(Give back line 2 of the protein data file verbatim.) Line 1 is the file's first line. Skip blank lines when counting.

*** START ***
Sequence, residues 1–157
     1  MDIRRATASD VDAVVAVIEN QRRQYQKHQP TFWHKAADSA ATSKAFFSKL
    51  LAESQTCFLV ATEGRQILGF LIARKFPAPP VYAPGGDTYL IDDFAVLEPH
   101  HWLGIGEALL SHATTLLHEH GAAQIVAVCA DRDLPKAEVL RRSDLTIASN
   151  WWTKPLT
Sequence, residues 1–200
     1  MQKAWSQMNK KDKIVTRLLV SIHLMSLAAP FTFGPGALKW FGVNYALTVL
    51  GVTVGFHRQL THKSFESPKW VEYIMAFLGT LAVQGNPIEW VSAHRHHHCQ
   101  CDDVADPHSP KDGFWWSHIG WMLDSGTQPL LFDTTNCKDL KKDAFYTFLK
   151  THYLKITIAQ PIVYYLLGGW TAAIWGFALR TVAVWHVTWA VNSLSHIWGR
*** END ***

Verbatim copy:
     1  MDIRRATASD VDAVVAVIEN QRRQYQKHQP TFWHKAADSA ATSKAFFSKL